MORE people are going for mediation in place of lawsuits to solve disputes as it saves them time and hefty legal costs and gives them a say in the outcome.
Last year, the Singapore Mediation Centre saw its highest number of cases mediated since its inception in 1997. A total of 337 cases were resolved through mediation, more than double the number in 2012.
"Mediation has gained much traction with businesses and individuals, especially when they realise the amount of costs and time they save by settling disagreements out of court," said the centre's executive director, Mr Loong Seng Onn.
"As awareness of mediation and its benefits spreads, we expect more businesses to choose mediation as a means of conflict resolution."
During mediation, a neutral person works with feuding parties to resolve their differences. The people involved make their own decisions, usually with the help of their lawyers.
A subsidiary of government agency Singapore Academy of Law, the centre helps with a variety of disputes but tends to deal with bigger cases such as commercial ones.
Last year, disputes on construction matters rose by 75 per cent from the previous year. Disputes brought up by companies or shareholders and disagreements over the sale and supply of goods and services also saw significant increases.
"My clients from the construction industry generally prefer to have their cases mediated as the cases are held on a confidential basis and can have very much faster results than going to the courts," said lawyer Lawrence Tan, a partner at Eldan Law.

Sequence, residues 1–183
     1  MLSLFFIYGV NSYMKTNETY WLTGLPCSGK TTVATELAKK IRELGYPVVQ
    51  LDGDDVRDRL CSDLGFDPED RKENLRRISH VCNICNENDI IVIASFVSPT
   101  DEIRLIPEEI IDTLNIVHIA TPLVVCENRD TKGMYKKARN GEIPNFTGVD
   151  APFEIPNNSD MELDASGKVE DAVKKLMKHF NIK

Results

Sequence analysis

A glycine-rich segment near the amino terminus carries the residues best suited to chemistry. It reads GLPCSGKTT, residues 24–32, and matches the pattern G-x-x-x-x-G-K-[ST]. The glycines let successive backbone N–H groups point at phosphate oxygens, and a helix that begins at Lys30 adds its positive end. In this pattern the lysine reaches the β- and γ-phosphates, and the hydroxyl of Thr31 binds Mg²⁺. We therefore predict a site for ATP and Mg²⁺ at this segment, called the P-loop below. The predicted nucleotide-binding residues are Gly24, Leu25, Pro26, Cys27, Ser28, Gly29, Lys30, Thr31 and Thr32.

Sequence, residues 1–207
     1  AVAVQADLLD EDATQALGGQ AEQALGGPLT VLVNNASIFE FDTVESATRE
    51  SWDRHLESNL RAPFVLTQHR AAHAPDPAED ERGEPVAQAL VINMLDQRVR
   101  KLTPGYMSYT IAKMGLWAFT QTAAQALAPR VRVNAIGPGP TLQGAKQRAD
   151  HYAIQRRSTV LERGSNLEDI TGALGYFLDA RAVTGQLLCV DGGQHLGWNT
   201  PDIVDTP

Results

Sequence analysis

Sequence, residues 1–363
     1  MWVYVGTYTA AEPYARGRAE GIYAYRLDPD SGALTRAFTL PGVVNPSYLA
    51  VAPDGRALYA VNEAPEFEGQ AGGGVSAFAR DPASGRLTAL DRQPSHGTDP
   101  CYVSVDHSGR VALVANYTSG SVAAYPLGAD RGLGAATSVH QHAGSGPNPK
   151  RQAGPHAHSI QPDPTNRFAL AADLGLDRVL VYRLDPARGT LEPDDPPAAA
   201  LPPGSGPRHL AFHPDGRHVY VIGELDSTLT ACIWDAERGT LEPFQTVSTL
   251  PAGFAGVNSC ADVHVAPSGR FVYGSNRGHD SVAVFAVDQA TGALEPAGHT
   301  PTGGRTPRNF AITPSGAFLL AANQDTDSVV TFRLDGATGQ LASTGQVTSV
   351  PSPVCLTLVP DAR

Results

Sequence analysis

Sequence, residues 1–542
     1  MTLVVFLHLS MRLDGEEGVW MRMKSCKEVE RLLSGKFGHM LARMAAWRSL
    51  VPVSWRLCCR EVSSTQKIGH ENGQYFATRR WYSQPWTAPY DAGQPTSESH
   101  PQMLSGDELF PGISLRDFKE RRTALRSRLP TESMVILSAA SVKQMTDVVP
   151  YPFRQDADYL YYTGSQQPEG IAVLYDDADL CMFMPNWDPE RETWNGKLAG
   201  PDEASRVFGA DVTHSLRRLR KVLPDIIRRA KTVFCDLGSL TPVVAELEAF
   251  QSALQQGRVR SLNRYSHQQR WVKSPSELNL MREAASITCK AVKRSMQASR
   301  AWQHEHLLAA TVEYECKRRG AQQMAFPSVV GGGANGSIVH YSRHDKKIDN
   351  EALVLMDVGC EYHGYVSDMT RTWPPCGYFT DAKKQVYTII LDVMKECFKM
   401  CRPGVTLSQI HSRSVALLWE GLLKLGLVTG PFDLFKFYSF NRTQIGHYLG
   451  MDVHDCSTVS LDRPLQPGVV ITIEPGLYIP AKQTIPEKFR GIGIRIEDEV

"The quick resolution of disputes through mediation will enable my clients to focus their energies on the next project. Earning new money can be better than fighting over old money," he added.
For instance, a trial can drag on for weeks and cost each party $100,000 or more in legal fees and hiring expert witnesses, lawyers said. Mediation usually costs less than $10,000.
Said Mr Kevin Kwek, director at Legal Solutions LLC, who handled a banking dispute: "By going through mediation, my client saved at least $400,000 in legal and court fees, along with a lot of time and mental stress that is usually associated with a trial."
Parties who go to the centre to mediate have a three-in-four chance of settling their disputes. More than 90 per cent of the centre's successful cases were resolved in a day.
One of the cases that saved significant resources by employing mediation was a dispute between the management corporation of a condominium and its developer and contractors.
The corporation started legal action against them after cracks on the carpark floor surfaced and water began to accumulate on the driveways, among other issues.
The contractors felt these were due to wear and tear over time and inadequate maintenance of the property.
After mediation, the developer and contractors agreed to pay the corporation $560,000, avoiding a 20-day trial that was initially scheduled. The amount contested at first was $2.6 million.
This article was first published on 29 Jan, 2015.
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